Why flossing matters

Why flossing matters

March 9, 2020 12:04 pm Published by

Tooth flossing is an essential part of any modern dental routine, though people have been finding ways to perform interdental cleaning for millennia. Did you know that archaeological evidence has been found of people using sticks as tooth picks? Over the years, all sorts of materials and objects have been used, from horsehair to silk threads. Thankfully, these days we have many different forms of convenient (and hygienic!) tooth floss products to help keep your teeth in tip top condition. Read on to find out more about flossing and the best way to do it.

  • Why bother?

Regular flossing is a great way to remove bits of food and plaque from places that toothbrushes can’t reach – between your teeth and under gumline. This is particularly true if you aren’t so careful about the rest of the dental care routine, or if you have an orthodontic appliance like braces that tends to accumulate detritus! Removing this bad stuff is important because it stops bacteria in the mouth creating acid – the kind that destroys protective tooth enamel, and causes cavities and other dental diseases. As well as keeping teeth free of food and plaque, flossing helps keep gums stimulated and healthy. This keeps gum disease at bay as well.

  • How to floss

Take a good length of floss, around 18 inches, and wind either end round the middle fingers of both hands. Then, use your thumbs and forefingers to guide between your teeth. Be gentle around gums, and pull gently up and down to clean between teeth. You can wiggle the floss around the tooth surface to give an even better clean. Don’t worry if you have a little bit of bleeding, this is normal – particularly if you haven’t flossed in a while. However if you suffer regular or severe bleeding, you should see a dentist such as Drs. Nicolas & Asp, as it may be a sign of another underlying condition that needs to be treated.

  • When to do it

Ideally you should floss daily, though if you can’t manage that, try to do it as often as possible. Two or three times a week is still good. With regular flossing, you will feel a difference – and your dentist will see it! Make sure you throw floss away after each use – it isn’t suitable to be used again. Flossing before bed is usually the easiest time, and it’s one of the most effective times to floss also.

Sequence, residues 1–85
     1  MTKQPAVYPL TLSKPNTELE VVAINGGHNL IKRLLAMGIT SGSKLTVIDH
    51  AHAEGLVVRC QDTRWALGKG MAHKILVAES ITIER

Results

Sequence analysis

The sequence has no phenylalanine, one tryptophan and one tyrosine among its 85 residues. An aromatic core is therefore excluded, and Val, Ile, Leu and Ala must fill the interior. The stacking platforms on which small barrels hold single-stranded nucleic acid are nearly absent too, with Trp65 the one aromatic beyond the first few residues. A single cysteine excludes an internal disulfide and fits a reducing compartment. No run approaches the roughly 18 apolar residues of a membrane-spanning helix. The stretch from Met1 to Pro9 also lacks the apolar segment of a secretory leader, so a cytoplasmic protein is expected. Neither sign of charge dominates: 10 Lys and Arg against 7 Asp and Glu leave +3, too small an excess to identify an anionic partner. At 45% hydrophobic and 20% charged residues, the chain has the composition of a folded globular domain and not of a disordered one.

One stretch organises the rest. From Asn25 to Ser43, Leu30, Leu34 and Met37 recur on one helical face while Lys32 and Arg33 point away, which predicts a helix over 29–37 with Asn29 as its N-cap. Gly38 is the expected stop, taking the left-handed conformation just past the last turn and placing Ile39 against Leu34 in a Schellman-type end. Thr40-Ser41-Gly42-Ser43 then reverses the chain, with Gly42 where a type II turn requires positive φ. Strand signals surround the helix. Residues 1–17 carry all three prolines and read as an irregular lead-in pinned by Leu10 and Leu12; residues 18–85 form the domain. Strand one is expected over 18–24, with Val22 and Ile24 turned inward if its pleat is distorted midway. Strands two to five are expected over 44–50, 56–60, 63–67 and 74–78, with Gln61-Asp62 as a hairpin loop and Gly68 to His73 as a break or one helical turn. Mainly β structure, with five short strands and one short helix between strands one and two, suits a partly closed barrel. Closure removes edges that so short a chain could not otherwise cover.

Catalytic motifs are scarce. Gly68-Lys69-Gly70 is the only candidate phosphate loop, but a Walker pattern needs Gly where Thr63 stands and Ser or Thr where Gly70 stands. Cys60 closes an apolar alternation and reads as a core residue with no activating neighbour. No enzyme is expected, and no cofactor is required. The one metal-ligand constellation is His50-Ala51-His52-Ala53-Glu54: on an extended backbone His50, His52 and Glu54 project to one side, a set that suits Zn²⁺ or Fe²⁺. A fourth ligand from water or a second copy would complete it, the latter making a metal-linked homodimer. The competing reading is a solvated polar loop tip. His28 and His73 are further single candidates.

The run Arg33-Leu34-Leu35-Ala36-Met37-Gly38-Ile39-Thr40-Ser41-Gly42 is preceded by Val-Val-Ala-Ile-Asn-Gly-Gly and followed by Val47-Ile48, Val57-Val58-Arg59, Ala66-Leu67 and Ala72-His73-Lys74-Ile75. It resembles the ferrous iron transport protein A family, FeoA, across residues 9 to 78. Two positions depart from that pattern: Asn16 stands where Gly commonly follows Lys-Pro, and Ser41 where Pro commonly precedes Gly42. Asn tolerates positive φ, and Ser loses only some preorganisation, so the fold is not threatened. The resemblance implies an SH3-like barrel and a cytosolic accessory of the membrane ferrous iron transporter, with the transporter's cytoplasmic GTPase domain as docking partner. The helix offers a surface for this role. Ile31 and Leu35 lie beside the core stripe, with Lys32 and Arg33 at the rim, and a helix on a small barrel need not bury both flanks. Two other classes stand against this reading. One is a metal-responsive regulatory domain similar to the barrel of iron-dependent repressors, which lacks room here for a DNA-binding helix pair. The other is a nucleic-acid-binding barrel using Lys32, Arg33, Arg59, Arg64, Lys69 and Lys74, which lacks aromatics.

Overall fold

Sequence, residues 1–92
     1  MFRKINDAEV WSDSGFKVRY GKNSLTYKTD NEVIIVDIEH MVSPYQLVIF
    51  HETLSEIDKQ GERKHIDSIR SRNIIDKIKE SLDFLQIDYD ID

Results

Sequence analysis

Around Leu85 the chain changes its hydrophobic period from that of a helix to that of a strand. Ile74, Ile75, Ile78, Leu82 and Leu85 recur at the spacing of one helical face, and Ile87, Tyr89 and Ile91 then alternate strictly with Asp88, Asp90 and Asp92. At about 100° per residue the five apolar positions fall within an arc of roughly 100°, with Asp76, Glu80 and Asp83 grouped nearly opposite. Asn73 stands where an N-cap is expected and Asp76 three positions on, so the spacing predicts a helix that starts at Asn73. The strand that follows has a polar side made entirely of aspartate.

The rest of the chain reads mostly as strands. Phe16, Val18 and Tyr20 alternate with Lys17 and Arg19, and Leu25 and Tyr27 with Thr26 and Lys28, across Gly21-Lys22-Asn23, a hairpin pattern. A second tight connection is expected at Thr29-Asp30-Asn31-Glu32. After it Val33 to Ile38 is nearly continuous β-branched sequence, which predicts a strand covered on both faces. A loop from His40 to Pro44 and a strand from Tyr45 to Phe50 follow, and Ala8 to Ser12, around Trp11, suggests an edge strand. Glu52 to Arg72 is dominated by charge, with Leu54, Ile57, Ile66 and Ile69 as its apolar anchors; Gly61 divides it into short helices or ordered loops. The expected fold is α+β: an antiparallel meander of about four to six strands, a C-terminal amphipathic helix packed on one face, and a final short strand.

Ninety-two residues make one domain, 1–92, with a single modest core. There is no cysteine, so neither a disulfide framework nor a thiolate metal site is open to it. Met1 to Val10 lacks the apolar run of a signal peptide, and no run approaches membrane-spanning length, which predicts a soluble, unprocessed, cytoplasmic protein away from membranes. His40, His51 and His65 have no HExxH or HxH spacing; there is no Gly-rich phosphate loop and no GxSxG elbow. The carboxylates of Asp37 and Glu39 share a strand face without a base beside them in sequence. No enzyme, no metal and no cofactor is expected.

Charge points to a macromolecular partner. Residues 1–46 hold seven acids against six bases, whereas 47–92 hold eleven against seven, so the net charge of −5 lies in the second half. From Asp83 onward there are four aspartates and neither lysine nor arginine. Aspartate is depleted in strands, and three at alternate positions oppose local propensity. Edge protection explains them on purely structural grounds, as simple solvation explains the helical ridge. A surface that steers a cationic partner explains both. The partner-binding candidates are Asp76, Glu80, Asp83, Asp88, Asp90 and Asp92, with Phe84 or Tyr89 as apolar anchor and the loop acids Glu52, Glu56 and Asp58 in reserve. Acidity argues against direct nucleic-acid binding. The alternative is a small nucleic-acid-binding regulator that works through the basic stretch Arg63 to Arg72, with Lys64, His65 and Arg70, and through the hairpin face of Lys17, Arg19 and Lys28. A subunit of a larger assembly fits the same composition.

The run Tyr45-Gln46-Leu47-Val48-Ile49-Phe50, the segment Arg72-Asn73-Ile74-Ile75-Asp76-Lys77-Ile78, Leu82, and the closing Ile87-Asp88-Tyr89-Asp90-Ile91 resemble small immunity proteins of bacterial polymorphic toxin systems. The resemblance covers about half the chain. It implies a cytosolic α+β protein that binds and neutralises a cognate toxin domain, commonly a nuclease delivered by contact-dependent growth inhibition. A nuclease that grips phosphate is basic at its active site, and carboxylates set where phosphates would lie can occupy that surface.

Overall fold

• Types of floss

Modern floss uses nylon thread, often being waxed for comfort and ease of use. Waxed means it won’t fray, but if you have tightly-packed teeth, you may find unwaxed to be more effective. A more expensive type of floss known as single filament can be great if you have very closely packed teeth, and you find that nylon floss tends to fray a lot. If you have braces, you can buy stiffened floss. Flavoured floss makes the process a more pleasant experience, especially for children. A slightly different product is dental tape, which is broad and flat. It offers great cleaning power, but can also be tricky if your teeth are very close together. A floss holder is really helpful if you find holding floss to be fiddly.

  • Other options

Tooth picks are good for cleaning gums but be careful you don’t damage through overzealous cleaning. Interdental brushes have tiny bristles that clean thoroughly between teeth, though it can be easy to overbrush and cause bleeding. Your dentist may recommend these if you are vulnerable to gum disease, and the dentist can help advise on the best way to use them too.

  • Health benefits

Floss regularly and you’ll really notice the difference. Many people find bad breath disappears, and teeth feel cleaner. It’s a great way to give teeth an extra boost in staying healthy – and gums, too.

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